Mobile and ‘mobilised’ working is another key area. While this is where social housing technology started, it is still one of the areas where new technology drives innovation. Through operatives using intelligent data in the field, through ever more capable apps, housing providers can drive even greater efficiencies. With the increasingly integrated 360-degree data on their devices, these operatives are becoming more and more productive, while being unconstrained by location or time. They will increasingly be empowered to perform numerous tasks that previously required multiple specialists. So through clever big data integration, operatives from all departments can gain a single view of a tenant’s needs and history, from responsive repairs and optimal boiler replacement times through to estate management events and broader care issues.
Self-service apps and portals are another field that is evolving rapidly. Easy-to-access and intuitive, these systems enable end-customers to communicate through the digital channels that are now part of their own landscape, alleviating the pressure on customer-facing resources. What were once simple online solutions for checking rental agreements and balances are now offering an increasingly full-featured and sophisticated range of customer services and opportunities. These range from repairs booking and advice on universal credit to moving services and content applicable to whatever stage of life customers find themselves at, be that jobs, support, care or health. By encouraging repeatable self-service solutions, the ‘cost-to-serve’ reduces significantly. This enables investment to be redirected into more accommodation while also ensuring those less fortunate and vulnerable can access greater direct contact and support.
Ultimately, the data generated from tenant self-service systems could be extended to provide updated information on asset condition and, in the not too distant future, by using internet of things (IoT) sensors this data could provide an early warning on specific assets, such as boilers. It could also flag up a change in the overall condition of the property and even the health and care needs of the tenants themselves.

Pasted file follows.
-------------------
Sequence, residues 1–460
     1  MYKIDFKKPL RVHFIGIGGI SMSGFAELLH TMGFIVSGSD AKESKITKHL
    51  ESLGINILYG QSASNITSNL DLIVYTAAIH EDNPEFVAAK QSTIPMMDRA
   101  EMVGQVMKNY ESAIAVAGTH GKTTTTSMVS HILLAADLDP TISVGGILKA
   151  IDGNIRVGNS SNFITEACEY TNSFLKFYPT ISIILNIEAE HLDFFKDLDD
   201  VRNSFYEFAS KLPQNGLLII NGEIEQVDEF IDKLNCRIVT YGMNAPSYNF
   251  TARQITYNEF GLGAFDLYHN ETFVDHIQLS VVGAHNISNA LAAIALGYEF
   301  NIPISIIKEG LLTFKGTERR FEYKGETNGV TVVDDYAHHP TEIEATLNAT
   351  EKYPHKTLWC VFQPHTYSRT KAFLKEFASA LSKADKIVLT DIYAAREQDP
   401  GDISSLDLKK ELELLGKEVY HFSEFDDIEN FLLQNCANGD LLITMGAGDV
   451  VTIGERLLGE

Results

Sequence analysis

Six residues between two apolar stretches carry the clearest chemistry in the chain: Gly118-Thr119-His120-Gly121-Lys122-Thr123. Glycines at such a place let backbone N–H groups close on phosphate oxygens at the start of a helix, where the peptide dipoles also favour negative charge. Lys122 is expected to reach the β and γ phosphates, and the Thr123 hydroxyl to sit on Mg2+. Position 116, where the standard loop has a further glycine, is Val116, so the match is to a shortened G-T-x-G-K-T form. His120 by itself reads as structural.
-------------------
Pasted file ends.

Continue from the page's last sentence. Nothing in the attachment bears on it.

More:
A greater focus on end-to-end processes will also support the sharing of best-practices, therein delivering improved outcomes, with the full extent of digitisation reducing intervention to apply ‘single or zero touch solutions’. Intuitive user interfaces are another potentially huge step forwards, negating the need to log in and out of multiple systems, or the need for extensive training just to navigate through systems. The main consideration here is how far each organisation is prepared to go in reducing silos and choosing streamlined ‘friction-free’ working practices. However, all this supports the even wider adoption of cloud solutions and services for the fast, scalable and affordable delivery of high value, app-led technology services.
We are also seeing a growing interest in integrating voice, social media, video and other media to speed up the interaction, capture and sharing of data or expertise, thereby removing the mystique and ensuring a practical application of the widely-discussed ‘AI’ for automated housing assistance. Visualisation is another technology in play, much tipped to help locate where staff are spending their time and display information in the easily digestible and relevant form that Google has made part of our everyday consumer lives.
So by introducing and supporting new technologies that successfully integrate with and support the ongoing digital evolution and development, housing providers can continuously drive greater value for money, operational efficiency and customer care. The quality and analysis of the data gathered is raised and ongoing business intelligence improves too. Most importantly, it frees up resources that can be diverted to those in the greatest need. Any integrated technology that helps to unlock that benefit can certainly be deemed to have ‘made the grade’ in the social housing technology sector.
Nigel Rees is joint managing director of Aareon UK.